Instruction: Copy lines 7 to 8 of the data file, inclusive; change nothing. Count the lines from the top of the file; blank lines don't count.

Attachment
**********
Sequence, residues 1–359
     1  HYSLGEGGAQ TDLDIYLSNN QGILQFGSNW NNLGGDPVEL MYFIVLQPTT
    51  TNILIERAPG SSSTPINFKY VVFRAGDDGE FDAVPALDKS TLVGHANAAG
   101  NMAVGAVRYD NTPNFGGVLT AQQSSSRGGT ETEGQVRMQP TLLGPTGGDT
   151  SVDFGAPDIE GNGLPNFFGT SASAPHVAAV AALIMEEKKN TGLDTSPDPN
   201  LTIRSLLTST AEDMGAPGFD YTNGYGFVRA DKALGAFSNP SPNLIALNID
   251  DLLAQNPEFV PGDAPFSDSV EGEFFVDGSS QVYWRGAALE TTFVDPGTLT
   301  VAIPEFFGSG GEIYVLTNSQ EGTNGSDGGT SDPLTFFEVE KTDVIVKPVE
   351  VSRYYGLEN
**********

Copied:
   251  DLLAQNPEFV PGDAPFSDSV EGEFFVDGSS QVYWRGAALE TTFVDPGTLT
   301  VAIPEFFGSG GEIYVLTNSQ EGTNGSDGGT SDPLTFFEVE KTDVIVKPVE